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Trade, Development and Cooperation Agreement (TDCA) with South Africa

Trade, Development and Cooperation Agreement (TDCA) with South Africa

 

SUMMARY OF:

Agreement on Trade, Development and Cooperation between the EU and South Africa

Decision on the conclusion of the Trade, Development and Cooperation Agreement between the EU and the Republic of South Africa

WHAT IS THE AIM OF THE AGREEMENT AND THE DECISION?

The agreement seeks to strengthen relations between the EU and South Africa in a variety of fields in the areas of trade, development and cooperation.

The decision adopts the agreement on behalf of the EU.

KEY POINTS

The agreement has several objectives:

  • strengthening dialogue between the parties,
  • supporting South Africa in its economic and social transition process,
  • promoting regional cooperation and the country’s economic integration in southern Africa and in the world economy, and
  • expanding and liberalising trade in goods, services and capital between the parties.

Based on respect for democratic principles, human rights and the rule of law, the agreement establishes a regular political dialogue on subjects of common interest, both at bilateral and regional level (within the context of the EU’s dialogue with the countries of southern Africa and with the group of the African, Caribbean and Pacific (ACP) countries).

The duration of the agreement is unspecified, but it can be revised within 5 years of the date of its entry into force in order to consider possible amendments.

The agreement covers a number of areas and includes a future developments clause making it possible to widen the field of cooperation.

Trade

The TDCA establishes preferential trade arrangements between the EU and South Africa, with the progressive introduction of a Free Trade Area (FTA). The EU is South Africa’s main trading and investment partner. The FTA aims to ensure better access to the EU market for South Africa and access to the South African market for the EU. As a result, it plays an important role in South Africa’s integration into the world economy. The agreement covers around 90 % of current bilateral trade between the two parties.

The agreement provides for the liberalisation of 95% of the EU’s imports from South Africa within 10 years, and 86 % of South Africa’s imports from the EU in 12 years. In order to protect the vulnerable sectors of both parties, certain products are excluded from the FTA and others have been only partially liberalised. For the EU, these are mainly agricultural products, while for South Africa, they are industrial products, in particular certain motor vehicle products and certain textile and clothing products. However, since December 2006, there has been provision for a strengthening of trade liberalisation in the motor vehicle sector.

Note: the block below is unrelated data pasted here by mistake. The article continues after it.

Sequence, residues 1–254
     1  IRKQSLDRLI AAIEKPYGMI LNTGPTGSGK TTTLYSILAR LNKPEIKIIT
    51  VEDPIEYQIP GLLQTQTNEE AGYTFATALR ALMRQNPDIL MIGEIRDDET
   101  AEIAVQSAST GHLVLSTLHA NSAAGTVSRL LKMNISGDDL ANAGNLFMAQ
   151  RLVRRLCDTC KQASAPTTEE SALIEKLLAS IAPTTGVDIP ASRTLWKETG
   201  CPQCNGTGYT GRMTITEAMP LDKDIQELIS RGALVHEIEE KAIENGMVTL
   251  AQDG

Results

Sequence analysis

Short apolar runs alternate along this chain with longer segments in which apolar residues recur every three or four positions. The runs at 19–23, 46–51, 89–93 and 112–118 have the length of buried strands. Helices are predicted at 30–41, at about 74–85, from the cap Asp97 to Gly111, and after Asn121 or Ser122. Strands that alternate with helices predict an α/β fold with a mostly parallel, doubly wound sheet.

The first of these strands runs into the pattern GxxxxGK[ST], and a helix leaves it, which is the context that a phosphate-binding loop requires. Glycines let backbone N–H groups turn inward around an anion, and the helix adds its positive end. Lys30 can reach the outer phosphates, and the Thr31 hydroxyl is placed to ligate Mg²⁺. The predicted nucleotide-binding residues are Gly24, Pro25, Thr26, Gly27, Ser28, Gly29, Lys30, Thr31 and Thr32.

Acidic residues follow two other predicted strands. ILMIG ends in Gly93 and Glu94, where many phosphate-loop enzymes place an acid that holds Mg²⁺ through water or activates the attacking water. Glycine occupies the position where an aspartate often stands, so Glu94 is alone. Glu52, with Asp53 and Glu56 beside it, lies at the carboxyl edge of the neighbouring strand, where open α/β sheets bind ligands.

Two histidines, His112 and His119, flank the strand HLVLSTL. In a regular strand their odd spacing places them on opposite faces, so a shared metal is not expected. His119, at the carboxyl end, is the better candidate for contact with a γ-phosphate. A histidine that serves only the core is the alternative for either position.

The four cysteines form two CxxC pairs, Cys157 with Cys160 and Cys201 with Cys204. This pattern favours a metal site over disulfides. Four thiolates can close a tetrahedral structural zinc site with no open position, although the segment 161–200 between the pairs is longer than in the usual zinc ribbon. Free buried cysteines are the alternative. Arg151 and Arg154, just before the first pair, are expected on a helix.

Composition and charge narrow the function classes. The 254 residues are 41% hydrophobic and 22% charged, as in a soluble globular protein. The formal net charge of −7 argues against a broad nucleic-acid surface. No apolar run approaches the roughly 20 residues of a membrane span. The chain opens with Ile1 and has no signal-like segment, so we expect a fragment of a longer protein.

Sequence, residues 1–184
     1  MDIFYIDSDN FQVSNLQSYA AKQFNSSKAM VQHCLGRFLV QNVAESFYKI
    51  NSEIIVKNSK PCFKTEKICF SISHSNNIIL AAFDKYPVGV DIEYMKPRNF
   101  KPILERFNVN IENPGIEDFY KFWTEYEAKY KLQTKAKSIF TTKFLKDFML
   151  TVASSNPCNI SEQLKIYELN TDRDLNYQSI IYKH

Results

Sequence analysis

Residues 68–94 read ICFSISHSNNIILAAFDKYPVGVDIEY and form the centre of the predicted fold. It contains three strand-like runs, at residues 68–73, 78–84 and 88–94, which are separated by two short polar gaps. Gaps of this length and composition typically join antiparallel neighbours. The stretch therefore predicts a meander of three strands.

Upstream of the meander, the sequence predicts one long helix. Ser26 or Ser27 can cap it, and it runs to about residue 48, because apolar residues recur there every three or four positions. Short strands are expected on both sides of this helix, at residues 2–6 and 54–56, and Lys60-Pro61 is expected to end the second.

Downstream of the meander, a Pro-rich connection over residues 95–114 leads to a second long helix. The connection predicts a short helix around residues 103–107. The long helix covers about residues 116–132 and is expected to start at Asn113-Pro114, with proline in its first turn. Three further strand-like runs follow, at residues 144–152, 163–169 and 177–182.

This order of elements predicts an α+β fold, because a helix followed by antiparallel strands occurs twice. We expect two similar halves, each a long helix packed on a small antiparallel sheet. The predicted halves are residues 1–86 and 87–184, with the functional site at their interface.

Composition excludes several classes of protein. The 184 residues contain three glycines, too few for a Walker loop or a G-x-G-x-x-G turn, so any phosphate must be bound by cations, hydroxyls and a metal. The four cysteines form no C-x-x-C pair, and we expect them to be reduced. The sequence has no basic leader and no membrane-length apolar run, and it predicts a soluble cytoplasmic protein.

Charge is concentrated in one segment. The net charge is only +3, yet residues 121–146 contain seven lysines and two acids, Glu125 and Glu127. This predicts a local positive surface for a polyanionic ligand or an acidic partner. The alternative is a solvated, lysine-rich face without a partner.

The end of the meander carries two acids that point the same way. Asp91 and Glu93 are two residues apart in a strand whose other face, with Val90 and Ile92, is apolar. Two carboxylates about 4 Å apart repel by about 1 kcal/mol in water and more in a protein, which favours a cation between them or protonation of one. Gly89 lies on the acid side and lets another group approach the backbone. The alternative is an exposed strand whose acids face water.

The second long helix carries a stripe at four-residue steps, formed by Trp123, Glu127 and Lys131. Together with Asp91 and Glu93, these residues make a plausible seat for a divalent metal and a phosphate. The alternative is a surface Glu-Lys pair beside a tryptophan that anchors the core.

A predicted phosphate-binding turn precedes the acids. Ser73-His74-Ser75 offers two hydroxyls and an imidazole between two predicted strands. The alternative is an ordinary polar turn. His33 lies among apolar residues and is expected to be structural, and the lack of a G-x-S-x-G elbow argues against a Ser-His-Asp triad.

The agreement sets out detailed rules of origin in order to ensure that products benefiting from the preferential arrangements come only from South Africa or the EU. To take account of modern international production processes, special provisions make the rules of origin more flexible.

South Africa and the EU may implement safeguard measures when an imported product threatens to cause serious injury to the national industry. The agreement also allows South Africa to adopt transitional safeguard measures (for example, an increase or reintroduction of customs duties). In addition, similar measures make it possible to protect the economies of members of the Central African Customs Union and the outermost regions of the EU (such as Reunion).

The agreement includes provisions aimed at avoiding abuse by firms with a dominant position on the market and thus ensuring free competition among the companies from the EU and South Africa. Cooperation takes place within the framework of consultations between the competent authorities. In addition, the EU provides technical assistance to help South Africa restructure its competition laws. The agreement also recognises the need to provide adequate protection for intellectual property and provides for urgent consultations, where necessary, and technical assistance for South Africa.